Whatever your age, the effects of smoking on bone health can't be ignored.
The years from childhood until age 30 are prime time for building bone mass. "If an adolescent is smoking, they will not develop maximum bone mass. They will end up with a smaller skeleton and less bone mass, compared to a nonsmoker," says Primal Kaur, MD, an osteoporosis specialist at Temple University Health System in Philadelphia.
When Betty Bullock was diagnosed with osteoporosis in 1997, at the age of
66, it was a shock. She’d always been healthy and active, an avid athlete who
plays tennis, swims, walks her dogs, and dances.
“I was thinking, ‘What did I do wrong?’” says the 76-year-old
great-grandmother, who lives in Albuquerque, N.M. “I had assumed I didn’t have
to worry about osteoporosis since I was so healthy and my mother had never had
Smoking continues to affect bone health in your 40s and 50s. Women that age begin to lose estrogen, which is very important for bones. If you smoke, bone loss is more rapid -- and with more complications, Kaur tells WebMD.
Why Is Smoking So Damaging to Bone Health?
"Nicotine and toxins in cigarettes affect bone health from many angles," Kaur says.
Cigarette smoke generates huge amounts of free radicals -- molecules that attack and overwhelm the body's natural defenses. The result is a chain-reaction of damage throughout the body -- including cells, organs, and hormones involved in keeping bones healthy.
The toxins upset the balance of hormones (like estrogen) that bones need to stay strong. Your liver produces more estrogen-destroying enzymes, which also leads to bone loss, says Kaur. "Smoking makes bone loss even worse in the menopausal years. It adds to the bone loss that's already occurring."
Smoking triggers other bone-damaging changes, such as increased levels of the hormone cortisol, which leads to bone breakdown, says Kaur. "Research also suggests that smoking impedes the hormone calcitonin, which helps build bones -- so that hormone can't do its job."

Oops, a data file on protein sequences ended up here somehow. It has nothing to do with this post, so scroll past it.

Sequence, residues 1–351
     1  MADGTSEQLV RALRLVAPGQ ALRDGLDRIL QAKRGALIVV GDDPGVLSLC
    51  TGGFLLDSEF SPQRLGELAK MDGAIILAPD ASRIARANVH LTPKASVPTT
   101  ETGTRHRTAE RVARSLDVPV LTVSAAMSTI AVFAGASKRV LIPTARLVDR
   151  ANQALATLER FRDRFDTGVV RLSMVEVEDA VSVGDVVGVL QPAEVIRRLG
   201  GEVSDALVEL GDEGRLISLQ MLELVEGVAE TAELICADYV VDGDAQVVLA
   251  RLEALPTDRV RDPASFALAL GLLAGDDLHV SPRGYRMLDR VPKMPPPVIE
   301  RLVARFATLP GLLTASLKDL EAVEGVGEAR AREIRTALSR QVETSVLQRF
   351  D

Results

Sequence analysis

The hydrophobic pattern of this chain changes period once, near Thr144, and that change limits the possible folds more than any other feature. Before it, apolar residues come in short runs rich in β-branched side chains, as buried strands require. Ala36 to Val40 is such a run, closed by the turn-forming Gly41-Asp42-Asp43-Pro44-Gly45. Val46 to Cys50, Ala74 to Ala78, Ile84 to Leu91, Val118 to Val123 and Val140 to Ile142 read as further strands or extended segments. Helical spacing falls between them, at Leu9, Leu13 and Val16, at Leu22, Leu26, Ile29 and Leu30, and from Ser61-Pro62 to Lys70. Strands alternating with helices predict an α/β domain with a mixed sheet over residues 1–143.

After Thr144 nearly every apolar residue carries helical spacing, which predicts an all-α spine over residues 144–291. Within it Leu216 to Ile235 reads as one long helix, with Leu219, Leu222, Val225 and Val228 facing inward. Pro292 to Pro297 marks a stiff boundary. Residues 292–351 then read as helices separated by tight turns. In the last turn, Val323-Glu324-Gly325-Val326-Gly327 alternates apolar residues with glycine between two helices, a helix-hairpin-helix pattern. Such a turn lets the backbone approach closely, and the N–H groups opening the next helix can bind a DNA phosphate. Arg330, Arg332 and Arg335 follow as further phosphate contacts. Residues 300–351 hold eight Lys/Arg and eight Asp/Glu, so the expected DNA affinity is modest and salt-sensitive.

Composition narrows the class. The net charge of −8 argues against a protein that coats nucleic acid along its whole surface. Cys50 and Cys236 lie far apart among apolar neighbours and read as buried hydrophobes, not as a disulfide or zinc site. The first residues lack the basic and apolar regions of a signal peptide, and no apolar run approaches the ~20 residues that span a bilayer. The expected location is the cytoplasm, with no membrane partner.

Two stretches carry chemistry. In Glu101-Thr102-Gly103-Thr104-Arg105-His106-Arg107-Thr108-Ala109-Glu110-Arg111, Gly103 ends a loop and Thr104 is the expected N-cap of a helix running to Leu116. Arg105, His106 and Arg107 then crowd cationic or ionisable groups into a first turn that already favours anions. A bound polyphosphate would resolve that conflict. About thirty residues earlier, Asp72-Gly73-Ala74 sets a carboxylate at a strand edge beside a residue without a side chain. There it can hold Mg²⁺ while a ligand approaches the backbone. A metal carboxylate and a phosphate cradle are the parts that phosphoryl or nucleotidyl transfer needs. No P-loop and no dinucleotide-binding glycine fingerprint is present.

There's more: "Nicotine and free radicals kill the osteoblasts -- the bone-making cells," she explains. "Smoking also damages blood vessels, so there is poor blood supply of oxygen. People who smoke have repeated fractures. Studies show that when a smoker suffers a fracture, they don't heal very well because of poor blood supply."
Because smoking damages blood vessels, it also damages nerves in toes and feet, which can lead to more falls and fractures. "Smokers have double the risk of having a fracture. Heavy smokers increase the risk of fracture even more," Kaur says.
If You Quit Smoking, Is It Possible to Improve Bone Health?
"Bone building is a slow process, and it takes a long time to fix the damage, so some of the damage may be irreversible," Kaur says. "The heavier the smoker, the longer it will take to recover."
But there is hope. She points to one recent study, published in 2006 in the Journal of Women's Health: After one year without smoking, a group of postmenopausal women had improved bone density, compared with women who continued smoking.
How do you get started if you want to quit smoking?
"I've known people with diehard habits who have quit," says Murray Dabby, LCSW, director of the Atlanta Center for Social Therapy. He's a former smoker who has guided many to nicotine freedom.